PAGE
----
Below are images taken over decades of adventures that I hope my readers enjoy. In some cases that are of events that no longer exist, such as the running of the San Pedro and Southwestern Railroad. Access to the infamous Brunckow Cabin has become restricted, and so I'm sharing a small portion of the images that I've taken over the years of my homeland, southeastern Arizona, and Cochise County in general. I would like to thank Troy Kelly, author of "From Tombstone to their Tombstones" for sharing with me discoveries he made of the final resting place of some of Arizona's notable pioneers. This first photo is of myself at the monument erected in honor of legendary Apache Scout Al Seiber, by the grateful citizens of Arizona, located in Globe Arizona. -John Rose
In 1995/1996 I was the historian on the San Pedro and Southwestern Railroad. Further photos to follow will be noted as the San Pedro Railroad. I took these images during that time. Today the tracks are gone and its hard to believe that this popular run no longer exists. I want to share these photos with everyone so they can see and enjoy what I once did. This is on the approach to Fairbank. Note the bridge in the far distance, under which the train will soon travel under. This bridge is on present day Arizona State Highway 82, near the last remaining structures of Fairbank. - John Rose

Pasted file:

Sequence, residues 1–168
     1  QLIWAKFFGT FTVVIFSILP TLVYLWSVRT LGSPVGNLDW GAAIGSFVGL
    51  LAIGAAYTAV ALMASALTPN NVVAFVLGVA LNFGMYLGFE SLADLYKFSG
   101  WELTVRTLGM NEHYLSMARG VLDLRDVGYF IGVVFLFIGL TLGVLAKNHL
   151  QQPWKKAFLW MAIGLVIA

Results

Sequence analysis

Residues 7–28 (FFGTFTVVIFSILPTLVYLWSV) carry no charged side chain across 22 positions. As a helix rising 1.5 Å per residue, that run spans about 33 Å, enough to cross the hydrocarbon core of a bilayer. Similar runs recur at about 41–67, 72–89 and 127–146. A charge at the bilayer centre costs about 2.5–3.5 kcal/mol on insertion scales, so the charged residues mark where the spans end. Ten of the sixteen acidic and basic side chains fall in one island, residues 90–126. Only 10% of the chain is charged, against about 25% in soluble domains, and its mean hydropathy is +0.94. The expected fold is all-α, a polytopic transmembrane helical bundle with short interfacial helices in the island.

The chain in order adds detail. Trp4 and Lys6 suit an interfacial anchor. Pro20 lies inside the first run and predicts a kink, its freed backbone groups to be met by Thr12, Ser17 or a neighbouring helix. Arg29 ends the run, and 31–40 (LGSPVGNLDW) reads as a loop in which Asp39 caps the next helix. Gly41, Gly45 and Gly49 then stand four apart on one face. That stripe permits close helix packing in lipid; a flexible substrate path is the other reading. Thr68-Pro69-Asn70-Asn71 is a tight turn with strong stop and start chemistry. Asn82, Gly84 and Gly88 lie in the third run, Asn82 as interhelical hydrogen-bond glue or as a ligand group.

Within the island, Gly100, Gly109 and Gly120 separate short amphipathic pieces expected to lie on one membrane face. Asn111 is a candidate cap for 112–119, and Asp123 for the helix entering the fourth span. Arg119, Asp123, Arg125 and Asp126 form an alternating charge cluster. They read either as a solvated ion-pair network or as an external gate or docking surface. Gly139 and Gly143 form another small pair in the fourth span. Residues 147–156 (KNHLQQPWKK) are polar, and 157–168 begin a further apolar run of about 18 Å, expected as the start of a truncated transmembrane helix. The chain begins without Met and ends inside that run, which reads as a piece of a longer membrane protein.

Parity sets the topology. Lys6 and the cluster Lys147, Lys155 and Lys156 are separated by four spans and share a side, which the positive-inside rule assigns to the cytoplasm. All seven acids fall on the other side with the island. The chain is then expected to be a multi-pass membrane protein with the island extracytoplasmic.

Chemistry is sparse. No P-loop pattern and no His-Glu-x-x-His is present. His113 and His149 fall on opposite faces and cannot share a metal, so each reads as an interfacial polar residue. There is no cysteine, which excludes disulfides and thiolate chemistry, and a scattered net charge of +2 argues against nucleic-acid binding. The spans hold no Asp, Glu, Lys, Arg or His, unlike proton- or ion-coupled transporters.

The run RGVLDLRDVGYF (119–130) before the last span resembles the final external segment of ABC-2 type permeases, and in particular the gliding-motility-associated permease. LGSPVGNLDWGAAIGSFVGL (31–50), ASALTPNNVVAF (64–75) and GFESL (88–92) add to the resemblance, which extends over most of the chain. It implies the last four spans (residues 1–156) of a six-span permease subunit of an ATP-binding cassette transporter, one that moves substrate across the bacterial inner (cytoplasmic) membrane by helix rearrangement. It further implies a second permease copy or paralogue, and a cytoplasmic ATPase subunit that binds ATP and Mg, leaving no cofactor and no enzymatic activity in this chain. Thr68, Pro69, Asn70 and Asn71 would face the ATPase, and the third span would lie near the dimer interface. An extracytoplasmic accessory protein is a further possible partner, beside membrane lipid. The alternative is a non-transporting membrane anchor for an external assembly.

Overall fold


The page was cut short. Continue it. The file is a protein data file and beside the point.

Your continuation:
I often joke with friends that as a collector, I spent my first million (exaggeration of course but sometimes it seems close) on ebay. While viewing grave markers of historic Tombstone notables, I came across this one, for George E.Bay, proving that e.bay died in 1954, well before its first appearance on the web.
Ruins near the San Pedro River, closer yet to Escapule wash. Local legend has it that this was once the Moson Family home, though solid proof of this has yet to be established. The related and uncorroborated story goes that a house guest visiting during a hot summer left the window open when going to sleep, and a breeze blew the drapes close enough to an oil lamp in ignite, and the home was lost in a fire.